Remembering the service of Commonwealth Forces

Earlier in the week a letter published in the Times highlighted that 1944 also “saw service personnel from across the commonwealth fight important battles all over the world, from Monte Cassino in Italy to Burma and Northern India,”.

Signatories included a former Chief of the General Staff and Chief of the Defence Staff; the Director-General of the Royal British Legion (RBL) and leading historians and faith and charity leaders.

The letter also emphasised that the service of commonwealth personnel in the Second World War, in crucial but often less famous battles, must not be overlooked as D-Day 80 was marked.

New Focaldata polling for British Future finds that:

– Six in ten Britons (62%) are aware that large numbers of soldiers from India fought for the Allies in the Second World War but only 35% know about the service of those from Jamaica and just 30% know that Kenyans also fought for Britain.

– Only 38% know that large numbers of Muslim soldiers fought for Britain, yet up to 2.5 million people from pre-partition India fought in WW2, many of them Muslims from present-day Pakistan.

– Some 85% of the public agrees that we should commemorate all those who fought for Britain in the world wars, regardless of where they came from.

– Some 77% of the public agrees it is important for integration today that children are taught in school about this shared history.

– Most of the public (54%) thinks we don’t talk enough about the contribution of soldiers from Commonwealth countries in the World Wars, while just 5% say we talk about it too much.

“We should ensure that all who served are honoured,” the letter says, because “The service of Commonwealth forces as part of the British Empire in WW2… has shaped the multi-ethnic and multi-faith society we share today.”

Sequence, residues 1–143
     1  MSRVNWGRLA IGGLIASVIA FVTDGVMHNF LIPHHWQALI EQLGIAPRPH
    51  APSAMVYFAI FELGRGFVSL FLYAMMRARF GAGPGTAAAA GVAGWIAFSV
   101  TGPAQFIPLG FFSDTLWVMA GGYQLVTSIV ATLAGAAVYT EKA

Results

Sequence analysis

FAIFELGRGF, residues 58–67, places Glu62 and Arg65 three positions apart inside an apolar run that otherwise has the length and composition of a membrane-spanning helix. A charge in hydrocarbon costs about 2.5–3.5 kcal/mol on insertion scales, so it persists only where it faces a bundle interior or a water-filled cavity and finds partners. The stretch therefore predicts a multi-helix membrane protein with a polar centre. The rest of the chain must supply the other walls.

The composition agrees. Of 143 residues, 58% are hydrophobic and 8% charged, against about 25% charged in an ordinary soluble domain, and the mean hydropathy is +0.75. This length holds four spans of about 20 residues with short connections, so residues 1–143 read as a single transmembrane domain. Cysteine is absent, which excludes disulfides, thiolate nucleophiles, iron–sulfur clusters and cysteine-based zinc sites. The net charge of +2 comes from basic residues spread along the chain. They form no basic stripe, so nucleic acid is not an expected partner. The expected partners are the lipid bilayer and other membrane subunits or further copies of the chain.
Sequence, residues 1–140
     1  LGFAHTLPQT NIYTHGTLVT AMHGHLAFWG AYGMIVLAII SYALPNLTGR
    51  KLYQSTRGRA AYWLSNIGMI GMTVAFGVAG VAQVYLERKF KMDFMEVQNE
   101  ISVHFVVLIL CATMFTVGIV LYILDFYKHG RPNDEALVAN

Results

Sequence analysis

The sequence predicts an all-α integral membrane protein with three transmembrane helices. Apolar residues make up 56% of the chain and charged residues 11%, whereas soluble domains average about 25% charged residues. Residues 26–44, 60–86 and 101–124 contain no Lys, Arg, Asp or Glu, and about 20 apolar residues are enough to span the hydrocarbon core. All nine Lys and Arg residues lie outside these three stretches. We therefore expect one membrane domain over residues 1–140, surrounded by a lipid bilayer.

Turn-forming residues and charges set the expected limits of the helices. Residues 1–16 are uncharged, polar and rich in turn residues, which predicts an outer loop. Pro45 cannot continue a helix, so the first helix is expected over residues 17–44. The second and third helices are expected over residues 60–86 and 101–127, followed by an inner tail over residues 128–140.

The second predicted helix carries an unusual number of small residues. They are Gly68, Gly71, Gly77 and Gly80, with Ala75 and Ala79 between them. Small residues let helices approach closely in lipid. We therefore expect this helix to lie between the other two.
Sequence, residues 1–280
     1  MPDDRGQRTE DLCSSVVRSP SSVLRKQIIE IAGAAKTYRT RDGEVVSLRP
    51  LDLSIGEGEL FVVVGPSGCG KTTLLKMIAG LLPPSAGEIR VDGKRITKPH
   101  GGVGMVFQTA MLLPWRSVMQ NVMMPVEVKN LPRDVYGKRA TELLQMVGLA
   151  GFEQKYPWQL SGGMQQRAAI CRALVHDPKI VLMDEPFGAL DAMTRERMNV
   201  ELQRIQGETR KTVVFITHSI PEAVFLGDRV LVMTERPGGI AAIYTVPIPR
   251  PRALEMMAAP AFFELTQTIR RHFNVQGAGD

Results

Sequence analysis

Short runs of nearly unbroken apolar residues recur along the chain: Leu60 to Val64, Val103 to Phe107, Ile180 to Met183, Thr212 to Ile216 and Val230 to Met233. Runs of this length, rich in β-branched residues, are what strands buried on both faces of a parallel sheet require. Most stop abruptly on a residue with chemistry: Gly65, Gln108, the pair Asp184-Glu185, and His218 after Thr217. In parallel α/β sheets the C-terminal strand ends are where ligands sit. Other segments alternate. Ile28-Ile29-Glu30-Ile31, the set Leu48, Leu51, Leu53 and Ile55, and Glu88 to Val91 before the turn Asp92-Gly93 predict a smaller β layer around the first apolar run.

Sunder Katwala, Director of British Future, said:

Britain’s diversity today owes much to the legacy of Empire, and troops from across that Empire fought alongside British forces in the Second World War. This is shared history, across people from different backgrounds, which we should remember together.

Most people now know that Indian soldiers fought in the world wars – but fewer know that a third were Muslim or about the contributions of other minority faiths. Raising public awareness, by the time we mark the VE Day anniversary next year, can help build a shared sense of identity today.

The letter to the Times also mentions: “1944 Victoria Cross roll of honour includes Sikh, Muslim and Hindu soldiers from India, as well as Nepalis from the Gurkha regiments.”

One of those awarded the VC for bravery was Sepoy Kamal Ram of the Indian Army’s Punjab Regiment, fighting at the Battle of Monte Cassino in Italy. Aged just 19, Ram single-handedly took out two enemy machine-gun emplacements that were firing on his Company.

King George VI pinning the Victoria Cross on Sepoy Kamal Ram, 26 July 1944. (Picture Credit IWM(Image credit IWM) King George VI pinning the Victoria Cross on Sepoy Kamal Ram, 26 July 1944